The Rise and Fall of 23andMe

23andMe has become a household name over the past decade, providing genetic insights for millions of individuals. Since their launch in 2006, 23andMe has transformed from a company providing simple ancestry information into a company actively using genetic information for drug innovation and discovery.

Despite their apparent viral success, 23andMe is struggling financially.

In this article, I’ll highlight the rise and current fall of 23andMe, and offer my own clinical insights into why there’s still hope for the company.

The Rise

23andMe was co-founded in 2006 by Linda Avey and Anne Wojcicki, with the goal to democratize genetic testing and empower individuals to take steps toward disease prevention with knowledge about their disease risk.

The company quickly gained popularity for its spit test—novel at the time—which gave consumers insight into their ancestry origins and genetic makeup. Originally, the product was cost prohibitive, around $1,000 per testing kit. However, through funding rounds and technological advancement, 23andMe brought the price down to just $99 per kit today, making it more accessible.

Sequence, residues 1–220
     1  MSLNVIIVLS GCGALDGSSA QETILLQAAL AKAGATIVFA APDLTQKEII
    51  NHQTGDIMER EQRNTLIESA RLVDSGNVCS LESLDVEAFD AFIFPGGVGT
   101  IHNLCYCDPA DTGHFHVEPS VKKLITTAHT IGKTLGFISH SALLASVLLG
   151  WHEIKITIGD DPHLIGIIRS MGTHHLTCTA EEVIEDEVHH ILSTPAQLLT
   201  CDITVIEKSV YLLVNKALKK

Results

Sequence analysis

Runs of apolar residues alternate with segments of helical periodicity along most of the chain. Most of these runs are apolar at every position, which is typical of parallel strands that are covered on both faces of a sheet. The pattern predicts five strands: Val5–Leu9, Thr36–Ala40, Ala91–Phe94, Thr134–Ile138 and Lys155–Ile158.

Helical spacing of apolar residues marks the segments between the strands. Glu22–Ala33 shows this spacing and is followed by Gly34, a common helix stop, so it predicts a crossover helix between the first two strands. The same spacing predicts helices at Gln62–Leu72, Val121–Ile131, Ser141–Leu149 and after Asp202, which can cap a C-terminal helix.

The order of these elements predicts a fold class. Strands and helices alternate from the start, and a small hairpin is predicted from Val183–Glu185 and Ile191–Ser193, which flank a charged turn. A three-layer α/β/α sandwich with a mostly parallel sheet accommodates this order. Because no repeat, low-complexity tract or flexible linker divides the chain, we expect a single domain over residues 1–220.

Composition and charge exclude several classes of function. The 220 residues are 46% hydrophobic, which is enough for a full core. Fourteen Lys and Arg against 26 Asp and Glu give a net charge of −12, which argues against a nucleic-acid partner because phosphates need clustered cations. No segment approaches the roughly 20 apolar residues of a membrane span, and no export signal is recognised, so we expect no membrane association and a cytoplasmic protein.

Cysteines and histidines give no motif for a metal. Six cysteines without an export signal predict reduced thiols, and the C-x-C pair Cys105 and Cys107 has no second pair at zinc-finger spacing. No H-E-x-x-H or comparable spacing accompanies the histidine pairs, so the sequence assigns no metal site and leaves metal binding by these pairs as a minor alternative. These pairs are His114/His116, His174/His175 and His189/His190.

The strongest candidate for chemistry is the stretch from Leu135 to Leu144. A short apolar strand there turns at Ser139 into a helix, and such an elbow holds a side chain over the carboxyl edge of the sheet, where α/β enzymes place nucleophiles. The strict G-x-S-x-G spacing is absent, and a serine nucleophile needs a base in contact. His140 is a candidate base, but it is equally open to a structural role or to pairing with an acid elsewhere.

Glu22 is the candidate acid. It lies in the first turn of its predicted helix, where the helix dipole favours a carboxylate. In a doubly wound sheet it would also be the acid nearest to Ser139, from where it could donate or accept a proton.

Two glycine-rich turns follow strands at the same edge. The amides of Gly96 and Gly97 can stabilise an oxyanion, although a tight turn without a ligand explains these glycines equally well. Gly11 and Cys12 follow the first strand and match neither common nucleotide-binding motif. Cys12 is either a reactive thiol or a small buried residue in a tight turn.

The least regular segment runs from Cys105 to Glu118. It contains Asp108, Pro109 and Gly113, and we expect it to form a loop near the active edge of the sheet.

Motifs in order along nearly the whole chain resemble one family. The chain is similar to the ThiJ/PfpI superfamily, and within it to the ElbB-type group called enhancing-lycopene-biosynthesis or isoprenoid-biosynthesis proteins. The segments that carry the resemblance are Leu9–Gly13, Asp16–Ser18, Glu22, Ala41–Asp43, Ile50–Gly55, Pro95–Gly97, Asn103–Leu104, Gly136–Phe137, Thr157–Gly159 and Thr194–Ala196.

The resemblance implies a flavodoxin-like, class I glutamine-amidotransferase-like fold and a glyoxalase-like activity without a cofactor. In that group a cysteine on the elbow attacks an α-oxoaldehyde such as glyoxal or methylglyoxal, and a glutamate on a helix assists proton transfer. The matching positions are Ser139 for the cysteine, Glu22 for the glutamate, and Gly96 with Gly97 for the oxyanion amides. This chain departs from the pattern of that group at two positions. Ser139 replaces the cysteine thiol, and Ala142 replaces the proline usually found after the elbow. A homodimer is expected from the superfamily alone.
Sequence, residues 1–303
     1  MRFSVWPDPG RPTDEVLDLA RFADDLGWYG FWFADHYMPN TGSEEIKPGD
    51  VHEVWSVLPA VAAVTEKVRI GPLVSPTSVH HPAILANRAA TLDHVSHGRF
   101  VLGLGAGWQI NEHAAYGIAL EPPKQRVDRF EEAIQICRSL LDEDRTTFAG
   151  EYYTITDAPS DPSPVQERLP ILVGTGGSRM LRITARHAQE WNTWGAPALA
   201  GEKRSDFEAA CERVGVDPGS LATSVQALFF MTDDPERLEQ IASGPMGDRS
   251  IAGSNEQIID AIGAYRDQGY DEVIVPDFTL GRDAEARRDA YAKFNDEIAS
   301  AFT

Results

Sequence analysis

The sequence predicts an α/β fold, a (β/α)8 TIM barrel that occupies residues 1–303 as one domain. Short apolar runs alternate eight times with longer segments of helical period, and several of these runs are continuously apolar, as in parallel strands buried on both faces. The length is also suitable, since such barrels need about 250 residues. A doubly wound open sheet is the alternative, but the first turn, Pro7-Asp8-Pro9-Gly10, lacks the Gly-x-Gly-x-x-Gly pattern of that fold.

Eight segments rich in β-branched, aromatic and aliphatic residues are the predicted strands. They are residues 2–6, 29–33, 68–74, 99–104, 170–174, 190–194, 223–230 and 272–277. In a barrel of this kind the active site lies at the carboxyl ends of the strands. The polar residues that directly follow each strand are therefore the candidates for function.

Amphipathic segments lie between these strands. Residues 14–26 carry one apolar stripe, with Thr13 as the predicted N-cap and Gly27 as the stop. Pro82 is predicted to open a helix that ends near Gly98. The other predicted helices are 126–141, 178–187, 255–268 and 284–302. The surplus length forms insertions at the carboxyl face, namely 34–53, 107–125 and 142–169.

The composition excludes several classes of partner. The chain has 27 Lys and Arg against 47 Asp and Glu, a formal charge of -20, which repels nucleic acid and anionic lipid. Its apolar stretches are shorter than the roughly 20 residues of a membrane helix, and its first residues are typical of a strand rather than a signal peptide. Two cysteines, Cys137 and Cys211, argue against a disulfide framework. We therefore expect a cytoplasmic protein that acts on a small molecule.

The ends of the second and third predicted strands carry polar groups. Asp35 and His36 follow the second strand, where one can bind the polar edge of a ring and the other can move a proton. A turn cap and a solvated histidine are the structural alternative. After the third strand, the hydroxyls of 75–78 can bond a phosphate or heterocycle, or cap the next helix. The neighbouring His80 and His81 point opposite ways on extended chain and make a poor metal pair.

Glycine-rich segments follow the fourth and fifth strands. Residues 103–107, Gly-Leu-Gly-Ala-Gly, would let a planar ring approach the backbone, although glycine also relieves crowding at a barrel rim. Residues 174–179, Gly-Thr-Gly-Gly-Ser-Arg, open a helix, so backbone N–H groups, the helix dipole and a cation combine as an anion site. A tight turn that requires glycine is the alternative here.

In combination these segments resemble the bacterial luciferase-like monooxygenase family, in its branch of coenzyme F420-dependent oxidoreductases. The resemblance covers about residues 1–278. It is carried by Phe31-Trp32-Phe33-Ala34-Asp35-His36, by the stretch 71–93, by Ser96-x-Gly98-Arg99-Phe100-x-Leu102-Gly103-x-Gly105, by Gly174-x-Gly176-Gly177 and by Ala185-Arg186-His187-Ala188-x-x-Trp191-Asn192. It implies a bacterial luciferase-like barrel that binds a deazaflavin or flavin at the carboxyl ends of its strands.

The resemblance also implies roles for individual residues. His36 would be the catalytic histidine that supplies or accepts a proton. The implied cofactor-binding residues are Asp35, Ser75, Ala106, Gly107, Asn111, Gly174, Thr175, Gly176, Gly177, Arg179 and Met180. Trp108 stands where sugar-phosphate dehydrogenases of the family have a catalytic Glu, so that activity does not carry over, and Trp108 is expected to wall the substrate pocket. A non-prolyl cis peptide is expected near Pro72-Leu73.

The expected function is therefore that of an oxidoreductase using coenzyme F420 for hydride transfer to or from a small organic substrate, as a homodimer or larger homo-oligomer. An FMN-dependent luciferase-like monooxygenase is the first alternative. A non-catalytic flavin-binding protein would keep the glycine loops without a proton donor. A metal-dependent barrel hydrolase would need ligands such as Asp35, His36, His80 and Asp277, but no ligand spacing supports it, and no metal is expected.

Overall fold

The company faced its first major hurdle in 2013 when the FDA told 23andMe to stop what it was doing until their DNA tests could be validated. Again, during this time, D2C genetic testing was nascent—unchartered territory. The company could continue, though, with ancestry reporting. Over the next couple of years, 23andMe made moves to validate its genetic tests, which received pivotal FDA authorizations for the below areas:

  1. Genetic tests to report carrier status.